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National and State Registers of Historic Places

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County: Shawnee
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Page 2 of 11 showing 10 records of 109 total, starting on record 11
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Central National Bank

Picture of property 701-703 Kansas Ave
Topeka (Shawnee County)
Listed in National Register 1976-07-19

Architect: Wight and Wight
Category: financial institution

Church of the Assumption and Rectory

Picture of property 204 SW 8th St
Topeka (Shawnee County)
Listed in National Register 2008-07-02

Architect: Carroll, J. Maurice
Category: religious facility; church-related residence

The Church of the Assumption, completed 1924, and Assumption Rectory, completed 1929, are nominated for their architectural significance as examples of the Mission Revival and Renaissance Revival styles. Character-defining features include blond brick, stucco, clay-tile roofs, arched openings, wide overhanging eaves, contrasting materials, towers and domes. The church was constructed as the third church for Topeka's Assumption Parish, which was the city's first Catholic parish. The rectory has a garage that was constructed in 1954 from plans by Topeka architect Thomas Williamson.

Church of the Assumption Historic District

Picture of property 204 & 212 SW 8th Avenue & 735 SW Jackson Street
Topeka (Shawnee County)
Listed in National Register 2015-07-07

Architect: Carroll, J. Maurice; Williamson, Loebsack & Assoc.
Category: religious facility

The Church of the Assumption (1924) and Assumption Rectory (1929) were listed in the National Register of Historic Places in 2008. The buildings, along with an associated garage, were nominated for their architectural significance as examples of the Mission Revival and Renaissance Revival styles. This nomination expands the boundaries to include the two associated schools, the former Hayden High School (1939) and Assumption School (1954), and adds an argument for the property's educational significance. The Church of the Assumption established the first Catholic elementary school and high school in Topeka. For much of the period of significance, Hayden High School served all of the city's Catholic parishes. The construction of Assumption School in 1954 during the Baby Boom illustrates the rapid expansion of growth of Catholic education after World War II.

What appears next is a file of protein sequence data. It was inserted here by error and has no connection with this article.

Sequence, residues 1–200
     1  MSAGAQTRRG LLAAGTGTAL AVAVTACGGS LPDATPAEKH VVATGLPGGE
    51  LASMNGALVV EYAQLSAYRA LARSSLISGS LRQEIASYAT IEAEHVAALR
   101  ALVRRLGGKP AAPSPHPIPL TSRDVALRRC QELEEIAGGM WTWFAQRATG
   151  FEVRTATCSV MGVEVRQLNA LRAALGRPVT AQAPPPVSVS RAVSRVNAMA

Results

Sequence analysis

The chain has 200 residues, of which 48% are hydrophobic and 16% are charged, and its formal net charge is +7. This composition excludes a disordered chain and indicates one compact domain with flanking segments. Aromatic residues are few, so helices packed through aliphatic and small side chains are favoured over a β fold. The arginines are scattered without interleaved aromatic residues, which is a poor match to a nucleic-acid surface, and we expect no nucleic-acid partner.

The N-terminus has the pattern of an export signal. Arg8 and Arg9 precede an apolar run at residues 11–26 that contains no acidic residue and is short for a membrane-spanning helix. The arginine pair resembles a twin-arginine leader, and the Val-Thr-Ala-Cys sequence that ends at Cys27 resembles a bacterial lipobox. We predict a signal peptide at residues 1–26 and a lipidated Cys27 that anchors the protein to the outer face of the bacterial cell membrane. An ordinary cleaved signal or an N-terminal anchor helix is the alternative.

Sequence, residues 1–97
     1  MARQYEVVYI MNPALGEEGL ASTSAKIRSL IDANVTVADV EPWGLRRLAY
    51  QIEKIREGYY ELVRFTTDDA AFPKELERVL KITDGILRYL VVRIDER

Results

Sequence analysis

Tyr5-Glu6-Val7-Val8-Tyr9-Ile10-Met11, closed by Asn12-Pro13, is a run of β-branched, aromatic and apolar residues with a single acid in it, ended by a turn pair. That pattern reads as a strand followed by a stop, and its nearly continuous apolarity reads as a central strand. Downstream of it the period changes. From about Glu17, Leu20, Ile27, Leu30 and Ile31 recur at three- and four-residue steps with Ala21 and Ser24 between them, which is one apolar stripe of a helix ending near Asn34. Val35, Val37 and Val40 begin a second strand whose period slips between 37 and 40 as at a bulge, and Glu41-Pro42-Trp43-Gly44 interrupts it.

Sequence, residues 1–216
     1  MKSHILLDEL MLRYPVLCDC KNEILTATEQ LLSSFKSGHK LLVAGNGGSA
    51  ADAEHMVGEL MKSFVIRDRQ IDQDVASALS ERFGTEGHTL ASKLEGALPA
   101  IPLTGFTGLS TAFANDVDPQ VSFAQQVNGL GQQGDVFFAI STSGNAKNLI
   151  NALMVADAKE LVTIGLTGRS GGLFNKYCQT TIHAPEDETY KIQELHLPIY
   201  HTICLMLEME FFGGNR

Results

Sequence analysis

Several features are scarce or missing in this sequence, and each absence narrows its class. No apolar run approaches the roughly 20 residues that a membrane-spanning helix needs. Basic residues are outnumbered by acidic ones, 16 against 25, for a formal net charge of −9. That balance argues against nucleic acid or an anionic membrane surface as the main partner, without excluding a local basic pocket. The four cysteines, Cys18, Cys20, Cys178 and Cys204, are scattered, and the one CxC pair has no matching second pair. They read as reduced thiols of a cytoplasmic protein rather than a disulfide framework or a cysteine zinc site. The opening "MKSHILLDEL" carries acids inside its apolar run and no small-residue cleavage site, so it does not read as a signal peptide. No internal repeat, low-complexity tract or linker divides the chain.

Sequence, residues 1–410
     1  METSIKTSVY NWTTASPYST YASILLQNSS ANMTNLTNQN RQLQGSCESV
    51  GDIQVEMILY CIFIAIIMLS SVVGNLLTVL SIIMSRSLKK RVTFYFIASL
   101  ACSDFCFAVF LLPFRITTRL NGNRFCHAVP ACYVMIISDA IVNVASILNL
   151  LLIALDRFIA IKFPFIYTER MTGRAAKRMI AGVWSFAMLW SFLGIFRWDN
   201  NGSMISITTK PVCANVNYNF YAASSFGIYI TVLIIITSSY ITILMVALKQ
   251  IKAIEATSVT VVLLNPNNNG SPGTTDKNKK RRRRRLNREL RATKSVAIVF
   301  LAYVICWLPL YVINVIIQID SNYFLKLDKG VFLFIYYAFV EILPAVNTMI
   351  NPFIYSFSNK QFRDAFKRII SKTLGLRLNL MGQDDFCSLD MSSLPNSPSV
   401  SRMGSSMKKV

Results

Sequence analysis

Church of the Holy Name

Picture of property 1110 SW 10th Avenue
Topeka (Shawnee County)
Listed in National Register 2012-01-20

Architect: Schlacks, Henry
Category: religious facility

Until 1914, Topeka Catholics were served by two parishes - St. Joseph's and Assumption. By the early 20th century, Topeka's westward-moving population necessitated the creation of a new parish to accommodate the 250 Catholic families who lived west of Topeka Boulevard and south of the Kansas River. The fledgling new Holy Name parish purchased property at the corner of Tenth and Clay streets on which to build its first building - a combination church, school, rectory, and office building. Under the leadership of Father Michael O'Leary, the parish made plans for a permanent house of worship, and hired Chicago architect Henry Schlacks to design the building. Schlacks combined his interest in architecture and devotion to the Catholic Church when in 1898 he founded the Notre Dame architecture program, the first at any Catholic university in America. Modeled after Chicago's St. Ignatius Church, which Schlacks designed, Topeka's Church of the Holy Name was completed in 1925 and reflects the Renaissance Revival style. The two-story building features a cross plan, a dressed Carthage limestone exterior with Tuscan Doric pilasters at all corners and junctions, and a tile roof. The building is nominated for its architecture.

College Avenue Historic District

Picture of property College Ave between Huntoon St and 17th St
Topeka (Shawnee County)
Listed in National Register 2007-04-18

Architect: Not listed
Category: single dwelling